Sunday, September 20, 2009
by Dash Shaw
Hillary Brown: So, even though I bought Bottomless Bellybutton fairly recently, my first experience with Dash Shaw was actually chapter 1 of Bodyworld, his webcomic that's due to be published as a book in the nearish future and was posted in serialized fashion. Let me say that it kind of blew my head off, which is not an experience I'm that used to having. Not since the Matrix pizza twirling performance in Pizza! The Movie has my brain been so thoroughly confused and delighted at the same time (which is not to denigrate Shaw's work by comparing it to a bunch of douchebags twirling pizza dough but rather to provide a comparable for the experience of addlement and amazement). So then I went and read Bottomless Bellybutton (which we should cover soon), and then I went back to Bodyworld, and I was still totally impressed. I'm not sure Shaw maintains that mind-reeling pace throughout the whole twelve chapters--this is a sizable thing--but he certainly does for quite a bit of it, which is notable enough. It's kind of like the Internet got put into a comic and then directly injected into your brain, and I guess what I mean by that is that he's got this way of jumping extremely quickly between different things (scenes, thoughts, characters) that is disorienting and, perhaps more accurate, reorienting. It's like clicking on link after link to see where they go and discovering the connections between this and that all over the place. (This is hard to describe.) Anyway, I find it exhilarating, and I think it really captures something webcomic-y, as opposed to book comic-y, especially in the last chapter, which has a massive scrolldown panel. It's also important for the themes of the book, which I guess you could summarize as loneliness versus sublimation of identity. So, am I hyping it too much?
Garrett Martin: No, not really. It is like a controlled Wikipedia trawl, popping off on what feels like tangents without losing sight of its goals. And yeah, when people talk about the internet's infinite canvas, BodyWorld should be exhibit A (or maybe B, after this amazing Drew Weing strip.) Thing is, I don't know "reoriented" BodyWorld leaves me. I remain thoroughly disoriented after three (partial) readings. That's the point, though, right, that it's impossible to really know other people, and even if something made it possible to completely share their thoughts and experiences, it'd still be impossible to make any sense of it?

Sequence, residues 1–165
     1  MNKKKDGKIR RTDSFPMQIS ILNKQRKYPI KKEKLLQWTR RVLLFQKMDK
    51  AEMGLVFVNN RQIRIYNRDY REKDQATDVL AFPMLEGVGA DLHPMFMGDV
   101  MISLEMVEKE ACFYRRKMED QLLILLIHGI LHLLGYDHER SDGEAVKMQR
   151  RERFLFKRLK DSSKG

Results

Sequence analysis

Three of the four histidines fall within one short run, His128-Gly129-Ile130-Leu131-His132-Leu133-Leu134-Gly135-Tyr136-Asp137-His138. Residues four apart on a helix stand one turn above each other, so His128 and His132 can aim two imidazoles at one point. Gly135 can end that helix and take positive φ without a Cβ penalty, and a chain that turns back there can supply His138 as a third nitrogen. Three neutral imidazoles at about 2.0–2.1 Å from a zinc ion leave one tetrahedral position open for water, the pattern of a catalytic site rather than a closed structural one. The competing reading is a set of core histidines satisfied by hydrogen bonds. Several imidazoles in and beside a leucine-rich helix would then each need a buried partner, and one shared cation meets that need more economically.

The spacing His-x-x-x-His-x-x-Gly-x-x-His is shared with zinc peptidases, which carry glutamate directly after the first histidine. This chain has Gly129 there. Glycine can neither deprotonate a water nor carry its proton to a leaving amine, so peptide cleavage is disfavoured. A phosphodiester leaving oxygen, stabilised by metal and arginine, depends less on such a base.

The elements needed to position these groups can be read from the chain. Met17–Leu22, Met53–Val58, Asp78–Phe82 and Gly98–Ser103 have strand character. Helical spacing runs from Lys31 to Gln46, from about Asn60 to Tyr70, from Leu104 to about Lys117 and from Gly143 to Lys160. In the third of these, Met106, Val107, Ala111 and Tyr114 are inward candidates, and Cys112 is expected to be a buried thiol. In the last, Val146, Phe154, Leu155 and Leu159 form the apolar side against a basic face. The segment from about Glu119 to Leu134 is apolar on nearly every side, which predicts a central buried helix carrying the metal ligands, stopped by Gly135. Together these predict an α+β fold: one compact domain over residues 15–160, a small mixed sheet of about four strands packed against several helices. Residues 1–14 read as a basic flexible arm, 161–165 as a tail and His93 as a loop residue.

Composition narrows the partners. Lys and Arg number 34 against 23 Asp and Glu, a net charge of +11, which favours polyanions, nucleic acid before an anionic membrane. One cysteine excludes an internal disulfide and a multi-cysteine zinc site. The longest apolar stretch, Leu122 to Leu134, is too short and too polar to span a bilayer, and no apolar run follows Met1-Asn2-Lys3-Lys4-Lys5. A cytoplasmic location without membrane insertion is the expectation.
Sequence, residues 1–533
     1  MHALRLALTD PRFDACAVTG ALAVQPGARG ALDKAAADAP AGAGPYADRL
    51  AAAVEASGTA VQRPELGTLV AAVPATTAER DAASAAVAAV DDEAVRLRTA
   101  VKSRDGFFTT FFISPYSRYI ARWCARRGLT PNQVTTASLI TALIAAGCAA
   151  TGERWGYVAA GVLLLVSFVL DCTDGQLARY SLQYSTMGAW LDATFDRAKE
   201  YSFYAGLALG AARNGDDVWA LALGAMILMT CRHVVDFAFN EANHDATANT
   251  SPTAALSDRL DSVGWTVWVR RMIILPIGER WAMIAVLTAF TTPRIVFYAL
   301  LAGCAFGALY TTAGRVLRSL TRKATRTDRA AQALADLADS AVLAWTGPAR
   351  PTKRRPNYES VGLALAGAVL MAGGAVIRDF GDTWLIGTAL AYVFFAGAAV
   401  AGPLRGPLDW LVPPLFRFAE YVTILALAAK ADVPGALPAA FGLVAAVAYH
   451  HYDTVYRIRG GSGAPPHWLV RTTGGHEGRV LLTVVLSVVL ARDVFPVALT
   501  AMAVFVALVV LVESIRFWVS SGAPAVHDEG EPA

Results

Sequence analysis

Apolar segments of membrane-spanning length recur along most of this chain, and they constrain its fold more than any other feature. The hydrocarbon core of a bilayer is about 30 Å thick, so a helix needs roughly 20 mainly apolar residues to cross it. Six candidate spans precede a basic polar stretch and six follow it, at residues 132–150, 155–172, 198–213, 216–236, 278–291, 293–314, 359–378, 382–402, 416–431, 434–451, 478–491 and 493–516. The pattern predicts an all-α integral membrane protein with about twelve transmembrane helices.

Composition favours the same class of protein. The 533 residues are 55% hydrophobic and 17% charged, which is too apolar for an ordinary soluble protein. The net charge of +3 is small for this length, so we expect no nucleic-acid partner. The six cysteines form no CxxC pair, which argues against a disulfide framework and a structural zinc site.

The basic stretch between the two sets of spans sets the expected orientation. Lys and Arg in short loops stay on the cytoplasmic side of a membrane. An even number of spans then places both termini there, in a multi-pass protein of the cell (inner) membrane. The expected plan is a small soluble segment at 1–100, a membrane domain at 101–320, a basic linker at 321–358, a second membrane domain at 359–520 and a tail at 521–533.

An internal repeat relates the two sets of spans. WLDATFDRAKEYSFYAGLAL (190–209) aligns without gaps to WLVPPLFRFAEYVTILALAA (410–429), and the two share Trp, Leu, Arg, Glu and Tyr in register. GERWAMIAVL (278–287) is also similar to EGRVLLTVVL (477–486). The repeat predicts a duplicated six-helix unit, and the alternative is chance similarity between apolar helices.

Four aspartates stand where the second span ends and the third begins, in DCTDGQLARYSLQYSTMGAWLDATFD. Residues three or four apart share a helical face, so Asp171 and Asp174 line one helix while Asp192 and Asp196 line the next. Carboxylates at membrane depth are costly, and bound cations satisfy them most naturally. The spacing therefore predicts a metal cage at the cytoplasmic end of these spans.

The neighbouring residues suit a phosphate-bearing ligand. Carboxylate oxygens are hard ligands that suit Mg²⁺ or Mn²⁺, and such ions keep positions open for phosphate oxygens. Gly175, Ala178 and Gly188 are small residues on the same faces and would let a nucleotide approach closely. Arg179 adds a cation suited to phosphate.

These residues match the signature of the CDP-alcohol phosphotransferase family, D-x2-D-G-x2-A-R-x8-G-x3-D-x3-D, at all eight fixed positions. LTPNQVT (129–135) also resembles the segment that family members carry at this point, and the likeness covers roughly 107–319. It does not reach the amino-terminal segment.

HB: Yeah, that might be the point, and yet, it's also so easy for us to overlap. We have so much in common, with our fears and desires, our self-hatred and desire of obliteration, our need to rub our parts together and take whatever will get us out of our own skulls for a little while. I think you're right when you bring up Wikipedia, as well as that Weing strip (which I'd never seen before, despite being a big fan of his stuff), and there's something that's extremely pleasurable about that disorientation. I guess, although I've never been brave enough to take anything hallucinogenic, that it's probably analogous to what that experience can be like at the best of times--or extreme religious experience, for that matter. Both involve this sense of scale, of not being quite able to grasp the full hugeness and connectedness of everything while at the same time being able to put your finger on just enough of it to get a sense of it. It's not like thinking about infinity, for the most part. That's too big. It's more like being up on top of a really tall building. But it's also funny. Did you think it was funny?
GM: Yes. I chuckled. The humor's never forced or obvious, though. It's like David Lynch's humor, less overt than a natural part of the unusual atmosphere.
And both psychedelics and "extreme religious experience" involve not just that increased awareness, but the willful sacrifice of your own God-damned mind. I felt like I had to do that a bit to even begin to understand the drug trips in BodyWorld. I don't know if there's any better way to visualize what happens in those scenes, though. They required great attention to follow, but the more I focused on them the less visual sense they made. Is that intentional, or simply a result of attempting something that can't be done in static two-dimensional illustration?
HB: I think it's intentional. This "book" (and, obviously, to call it a book is kind of a stretch, although it's going to be one in April) is very into empathy not only in terms of the obvious content, but also in terms of the way it works on the reader, which is an unusual experience. The only thing I can think of, off-hand, to compare it to is Paradise Lost, at least the way Stanley Fish looks at it, in which it creates the same narrative in the reader's relationship with Satan that it does on the page with Adam and Eve's. Clever shit, yo.
GM: Too clever for me to write about. It's intimidating. Where's the punching? Where are the steroid guys complaining about how the punching isn't as simple as it used to be back in the good old days of punching? I'm way outside my comfort zone. Speaking of which, are you ready to go on Tyrese Gibson's Mayhem?
HB: Okay, there's not very much punching. But there is a little. And there's kind of a lot of sex. Shouldn't that keep the layman interested? I think it's the most original thing I've read in years, and it might be kind of important as far as, like, the future of comics..
GM: It's definitely important, no doubt. Could it be so idiosyncratic that any attempt to follow in its footsteps will feel too much like a rip-off? Maybe it could inspire major artists to do more web work, but then I think that's already happening and Shaw wasn't exactly the most famous of men when he started this. But yeah, there should be more comics like Body World, comics that hurt your mind through thinking.